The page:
I routinely receive letters like this from SARD dog owners. Does it sound like your story, too? My recommendations are posted below.
I came across your website after searching for solutions for my poor dog, Mac. He’s a 9 year old Maltese who was perfectly healthy until about a year ago. He suddenly started losing his vision, gaining weight, got a pot belly, and high blood pressure. He also has an enlarged liver and high liver enzymes.
The ophthalmologist diagnosed him with intermediate SARDS and put him on an immunosuppressant to preserve his remaining vision but it didn’t work and he turned fully blind. Every night he wakes up in intervals and is panting so will drink water or pee. This past month he’s had 4 seizures out of nowhere where his body gets stiff, high heart rate, rolling eyes.
Given his weight gain and pot belly, the vet diagnosed him with Cushings but he had a negative LDDST and negative abdominal X-rays. We are getting an MRI done next week but all of his symptoms are not making sense since they are contradictory. I think there’s something else going on and would like to save him before we lose him to this illness.
I really hope you can help me and Mac. Thank you!
Dog owners — To understand what’s going on with these dogs, start here. These dogs produce adrenal hormones that mimic Cushing’s disease. You’ll also find additional answers on the SARDS resources page.
Veterinarian ophthalmologists — I know it’s uncommon to follow up on these cases. So it’s possible you never hear the complaints described above. As you know, sex steroid excess is a common finding in SARDS. (1-4) It would be beneficial for the referring veterinarians to know this, too. That in turn, would benefit both patients and clients.
As early as 2009, Dr’s. Bentley, Carter, Oliver, et al recommended the routine evaluation of sex hormones in all SARD-affected dogs. (3)
Some ophthalmologists are concerned that by ordering such lab work they will be practicing beyond their scope. To them I would say this: Surely, the collection of a blood sample does not constitute the practice of endocrinology or immunology. And since you’ve been dispensing immunoglobulins and immunosuppressants for 40 years — such concerns now. seem unnecessary.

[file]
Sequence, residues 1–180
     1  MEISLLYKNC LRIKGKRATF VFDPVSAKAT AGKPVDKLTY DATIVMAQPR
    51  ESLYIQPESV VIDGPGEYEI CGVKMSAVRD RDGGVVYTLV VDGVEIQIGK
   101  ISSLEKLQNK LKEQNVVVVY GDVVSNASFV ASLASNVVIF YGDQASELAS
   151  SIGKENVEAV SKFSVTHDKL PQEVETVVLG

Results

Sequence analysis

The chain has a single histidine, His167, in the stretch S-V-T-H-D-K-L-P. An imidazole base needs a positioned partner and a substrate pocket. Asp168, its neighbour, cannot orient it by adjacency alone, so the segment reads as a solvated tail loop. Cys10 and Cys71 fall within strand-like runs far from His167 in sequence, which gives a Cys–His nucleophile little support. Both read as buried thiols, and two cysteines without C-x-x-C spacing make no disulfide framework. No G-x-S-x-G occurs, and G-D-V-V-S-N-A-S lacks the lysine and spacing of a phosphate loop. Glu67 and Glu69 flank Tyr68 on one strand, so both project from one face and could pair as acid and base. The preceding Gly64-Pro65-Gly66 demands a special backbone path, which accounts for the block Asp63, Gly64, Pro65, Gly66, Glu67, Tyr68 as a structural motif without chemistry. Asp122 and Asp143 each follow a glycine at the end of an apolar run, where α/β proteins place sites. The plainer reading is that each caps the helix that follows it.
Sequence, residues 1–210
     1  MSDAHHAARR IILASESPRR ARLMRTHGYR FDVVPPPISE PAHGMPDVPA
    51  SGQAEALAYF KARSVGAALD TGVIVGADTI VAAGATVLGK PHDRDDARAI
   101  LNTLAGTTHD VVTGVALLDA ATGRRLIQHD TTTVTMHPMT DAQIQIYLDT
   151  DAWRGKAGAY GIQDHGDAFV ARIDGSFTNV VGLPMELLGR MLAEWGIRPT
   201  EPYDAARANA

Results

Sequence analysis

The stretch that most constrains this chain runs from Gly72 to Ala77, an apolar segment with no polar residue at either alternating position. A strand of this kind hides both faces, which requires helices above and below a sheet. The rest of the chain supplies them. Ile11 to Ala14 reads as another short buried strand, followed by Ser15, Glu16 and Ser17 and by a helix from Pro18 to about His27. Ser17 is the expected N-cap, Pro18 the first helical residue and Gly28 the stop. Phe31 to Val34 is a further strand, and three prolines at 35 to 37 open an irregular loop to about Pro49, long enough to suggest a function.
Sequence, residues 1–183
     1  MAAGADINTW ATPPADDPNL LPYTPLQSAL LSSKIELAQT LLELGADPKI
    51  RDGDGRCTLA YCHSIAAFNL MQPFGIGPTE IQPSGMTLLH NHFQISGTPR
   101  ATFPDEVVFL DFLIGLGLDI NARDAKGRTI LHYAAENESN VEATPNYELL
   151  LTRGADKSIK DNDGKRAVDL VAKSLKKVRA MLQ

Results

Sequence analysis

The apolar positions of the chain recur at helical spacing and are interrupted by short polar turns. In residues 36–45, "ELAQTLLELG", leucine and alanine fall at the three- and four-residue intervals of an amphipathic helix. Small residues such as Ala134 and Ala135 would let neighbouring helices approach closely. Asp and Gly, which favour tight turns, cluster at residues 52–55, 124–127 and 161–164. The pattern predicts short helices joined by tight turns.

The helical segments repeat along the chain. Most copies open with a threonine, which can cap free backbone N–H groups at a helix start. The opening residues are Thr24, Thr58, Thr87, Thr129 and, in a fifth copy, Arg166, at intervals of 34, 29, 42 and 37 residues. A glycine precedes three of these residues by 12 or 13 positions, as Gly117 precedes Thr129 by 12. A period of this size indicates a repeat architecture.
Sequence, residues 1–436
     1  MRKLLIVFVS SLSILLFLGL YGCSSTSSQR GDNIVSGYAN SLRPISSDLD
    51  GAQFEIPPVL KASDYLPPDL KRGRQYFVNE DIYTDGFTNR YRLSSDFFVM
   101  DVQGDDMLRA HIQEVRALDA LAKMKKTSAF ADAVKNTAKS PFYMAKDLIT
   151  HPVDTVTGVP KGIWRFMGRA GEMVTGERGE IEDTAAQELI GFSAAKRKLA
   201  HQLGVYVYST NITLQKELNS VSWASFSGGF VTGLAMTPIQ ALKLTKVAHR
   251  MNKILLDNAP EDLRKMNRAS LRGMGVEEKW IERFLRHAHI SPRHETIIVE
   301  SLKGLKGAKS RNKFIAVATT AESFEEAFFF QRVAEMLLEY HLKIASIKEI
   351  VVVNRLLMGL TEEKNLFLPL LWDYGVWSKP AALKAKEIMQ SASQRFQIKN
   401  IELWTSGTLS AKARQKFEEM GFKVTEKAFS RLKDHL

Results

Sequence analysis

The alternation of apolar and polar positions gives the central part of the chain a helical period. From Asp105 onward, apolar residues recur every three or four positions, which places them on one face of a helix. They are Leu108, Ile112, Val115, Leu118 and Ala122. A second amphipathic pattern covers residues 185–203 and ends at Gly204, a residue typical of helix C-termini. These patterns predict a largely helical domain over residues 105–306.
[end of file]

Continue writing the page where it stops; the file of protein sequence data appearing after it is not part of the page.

A few years ago I addressed the topic in detail. Here it is again:
In a perfect world, evaluation of sex steroids would begin at the ophthalmology clinic at the time of SARDS diagnosis. This would save clients time and expense because they’d already be in a veterinary facility where a blood sample could be collected and sent off. This time-savings could translate to improved patient outcomes.
Available assays :
Furthermore, the ophthalmic clinic should inform referring general practice veterinarians of the prevalence of elevated sex steroids in SARD-affected dogs and, of course, disclose the results of sex steroid assays. General practitioners repeatedly test these dogs for Cushing’s to no avail. They deserve to know about the high rate of sex steroid excess, which mimics Cushing’s.
Thereafter, dog owners would return to the general practice clinic where the referring veterinarian could manage low-dose hormone replacement. In a more perfect world, the ophthalmic clinic would actually discharge the patient with sufficient low-dose cortisol replacement to maintain the dog until the general practice appointment. This is very different than the anti-inflammatory dose that’s been prescribe for many years without benefit. This would be a win-win-win scenario.
I hope this information is helpful to you.
1. Carter RT, Bentley E, Oliver JW, Miller PE, Herring IP. Elevations in Adrenal Sex Hormones in Canine Sudden Acquired Retinal Degeneration Syndrome (SARDS). Proceedings of the 34th Annual Meeting of the American College of Veterinary Ophthalmologists 2003;34: 40. (Scroll down to abstract #51 if you use the link.)
2. Oliver JW, Steroid Profiles in the Diagnosis of Canine Adrenal Disorders. Proceedings of the 25th Annual Meeting of the American College of Veterinary Internal Medicine 2007; 471-473.
3. Carter RT, Oliver JW, Stepien RL, Bentley E. Elevations in Sex Hormones in Canine Sudden Acquired Retinal Degeneration Syndrome (SARDS). Journal of the American Animal Hospital Association 2009; 45: 207-214.
4. Kamaromy AM, Abrams KL, Heckenlively JR, Lundy SK, Maggs DJ, Leeth CM, MohanKumar PS, Peterson-Jones SM, Serreze DV, van der Woerdt A. Sudden Acquired Retinal Degeneration Syndrome (SARDS) — a Review and Proposed Strategies Toward a Better Understanding of Pathogenesis, Early Diagnosis, and Therapy. Veterinary Ophthalmology 2015; 19: 319-331.